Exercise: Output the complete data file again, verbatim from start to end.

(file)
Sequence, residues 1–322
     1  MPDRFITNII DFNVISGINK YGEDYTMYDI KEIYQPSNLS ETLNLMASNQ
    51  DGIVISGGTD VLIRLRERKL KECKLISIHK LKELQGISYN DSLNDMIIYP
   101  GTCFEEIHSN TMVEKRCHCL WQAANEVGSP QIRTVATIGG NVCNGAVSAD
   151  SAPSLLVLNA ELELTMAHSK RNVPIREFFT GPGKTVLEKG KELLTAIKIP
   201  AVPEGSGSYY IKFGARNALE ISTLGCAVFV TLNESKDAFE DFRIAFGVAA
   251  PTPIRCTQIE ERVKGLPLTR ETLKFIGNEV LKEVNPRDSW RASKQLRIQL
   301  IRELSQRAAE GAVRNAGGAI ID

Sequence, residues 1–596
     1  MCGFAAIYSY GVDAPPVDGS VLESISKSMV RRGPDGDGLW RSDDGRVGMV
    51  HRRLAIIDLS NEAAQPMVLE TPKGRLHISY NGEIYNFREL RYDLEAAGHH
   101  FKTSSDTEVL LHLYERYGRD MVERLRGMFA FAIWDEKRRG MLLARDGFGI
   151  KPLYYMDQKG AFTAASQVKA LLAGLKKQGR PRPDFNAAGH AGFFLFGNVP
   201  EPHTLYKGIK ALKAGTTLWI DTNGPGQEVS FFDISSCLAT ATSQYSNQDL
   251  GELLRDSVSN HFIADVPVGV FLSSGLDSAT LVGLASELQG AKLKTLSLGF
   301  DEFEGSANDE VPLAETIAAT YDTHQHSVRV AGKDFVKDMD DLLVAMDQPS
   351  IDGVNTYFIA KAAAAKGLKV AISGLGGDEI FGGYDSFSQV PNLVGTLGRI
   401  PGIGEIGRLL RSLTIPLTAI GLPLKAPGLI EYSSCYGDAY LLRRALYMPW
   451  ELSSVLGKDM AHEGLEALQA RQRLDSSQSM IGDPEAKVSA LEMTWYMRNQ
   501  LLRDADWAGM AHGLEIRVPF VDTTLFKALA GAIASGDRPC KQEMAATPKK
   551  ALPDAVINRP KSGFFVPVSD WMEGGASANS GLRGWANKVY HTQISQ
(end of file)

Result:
Sequence, residues 1–322
     1  MPDRFITNII DFNVISGINK YGEDYTMYDI KEIYQPSNLS ETLNLMASNQ
    51  DGIVISGGTD VLIRLRERKL KECKLISIHK LKELQGISYN DSLNDMIIYP
   101  GTCFEEIHSN TMVEKRCHCL WQAANEVGSP QIRTVATIGG NVCNGAVSAD
   151  SAPSLLVLNA ELELTMAHSK RNVPIREFFT GPGKTVLEKG KELLTAIKIP
   201  AVPEGSGSYY IKFGARNALE ISTLGCAVFV TLNESKDAFE DFRIAFGVAA
   251  PTPIRCTQIE ERVKGLPLTR ETLKFIGNEV LKEVNPRDSW RASKQLRIQL
   301  IRELSQRAAE GAVRNAGGAI ID

Sequence, residues 1–596
     1  MCGFAAIYSY GVDAPPVDGS VLESISKSMV RRGPDGDGLW RSDDGRVGMV
    51  HRRLAIIDLS NEAAQPMVLE TPKGRLHISY NGEIYNFREL RYDLEAAGHH
   101  FKTSSDTEVL LHLYERYGRD MVERLRGMFA FAIWDEKRRG MLLARDGFGI
   151  KPLYYMDQKG AFTAASQVKA LLAGLKKQGR PRPDFNAAGH AGFFLFGNVP
   201  EPHTLYKGIK ALKAGTTLWI DTNGPGQEVS FFDISSCLAT ATSQYSNQDL
   251  GELLRDSVSN HFIADVPVGV FLSSGLDSAT LVGLASELQG AKLKTLSLGF
   301  DEFEGSANDE VPLAETIAAT YDTHQHSVRV AGKDFVKDMD DLLVAMDQPS
   351  IDGVNTYFIA KAAAAKGLKV AISGLGGDEI FGGYDSFSQV PNLVGTLGRI
   401  PGIGEIGRLL RSLTIPLTAI GLPLKAPGLI EYSSCYGDAY LLRRALYMPW
   451  ELSSVLGKDM AHEGLEALQA RQRLDSSQSM IGDPEAKVSA LEMTWYMRNQ
   501  LLRDADWAGM AHGLEIRVPF VDTTLFKALA GAIASGDRPC KQEMAATPKK
   551  ALPDAVINRP KSGFFVPVSD WMEGGASANS GLRGWANKVY HTQISQ